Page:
PAS allows the user to control system management according to functional location or process oriented criteria and to manage the individual inventory maintenance resources. This will enable the planning, execution and analysis of the maintenance works through the system. The example of a PAS for PSCB is shown in Figure 2.4 below:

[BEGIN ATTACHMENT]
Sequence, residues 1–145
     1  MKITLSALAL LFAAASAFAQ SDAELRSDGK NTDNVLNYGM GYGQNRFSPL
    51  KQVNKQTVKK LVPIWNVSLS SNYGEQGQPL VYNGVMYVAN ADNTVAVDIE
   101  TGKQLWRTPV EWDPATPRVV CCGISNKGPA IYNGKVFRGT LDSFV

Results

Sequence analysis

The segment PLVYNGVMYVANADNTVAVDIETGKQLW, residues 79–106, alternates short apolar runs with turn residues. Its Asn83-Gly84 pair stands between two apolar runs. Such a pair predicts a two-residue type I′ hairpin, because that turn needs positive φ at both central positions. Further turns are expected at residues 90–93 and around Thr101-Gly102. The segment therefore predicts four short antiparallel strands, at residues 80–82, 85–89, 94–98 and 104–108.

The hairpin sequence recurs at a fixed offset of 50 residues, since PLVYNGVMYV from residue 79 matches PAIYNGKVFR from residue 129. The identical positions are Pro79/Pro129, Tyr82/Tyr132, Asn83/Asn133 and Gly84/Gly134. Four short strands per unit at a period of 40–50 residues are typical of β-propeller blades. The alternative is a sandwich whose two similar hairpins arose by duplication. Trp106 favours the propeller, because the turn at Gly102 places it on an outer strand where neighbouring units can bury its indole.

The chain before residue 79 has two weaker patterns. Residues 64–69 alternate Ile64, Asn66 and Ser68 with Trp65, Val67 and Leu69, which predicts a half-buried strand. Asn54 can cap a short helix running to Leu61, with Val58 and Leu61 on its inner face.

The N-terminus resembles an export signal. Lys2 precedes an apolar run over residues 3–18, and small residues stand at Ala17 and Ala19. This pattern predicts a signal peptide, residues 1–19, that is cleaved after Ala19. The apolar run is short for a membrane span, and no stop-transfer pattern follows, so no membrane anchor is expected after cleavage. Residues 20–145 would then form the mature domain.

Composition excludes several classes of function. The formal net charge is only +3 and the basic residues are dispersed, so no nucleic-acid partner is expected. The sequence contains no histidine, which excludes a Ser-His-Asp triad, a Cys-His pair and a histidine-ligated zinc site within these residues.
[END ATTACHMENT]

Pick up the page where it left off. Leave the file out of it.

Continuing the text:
Figure 2.4: An Example of PAS [4] From the research, the procedure in PAS is categorized by level. Level 1 until 3 is the selection process of the asset, investing the asset, making proper assessment of risks, and developing proper strategies to save the assets from exposure to risks. Level 4 is a process that execution of the Plant Maintenance System. Level 5 is a Functional Location where a place in technical system. Level 6 is Equipment Master which is a identifiable physical asset, upon which all notifications and work order can be carried out where costs and history can be recorded. Level 7 is refer to the bill of materials (BOM). BOM is the term used to describe the raw materials, sub-assemblies, intermediate assemblies, sub-components, components, parts and the quantities of each needed to manufacture an end item. PPM in other hand is created to automatically generate preventive maintenance orders when the preventive maintenance work is due. According to the researched by [4], the following important details are important in PPM. 16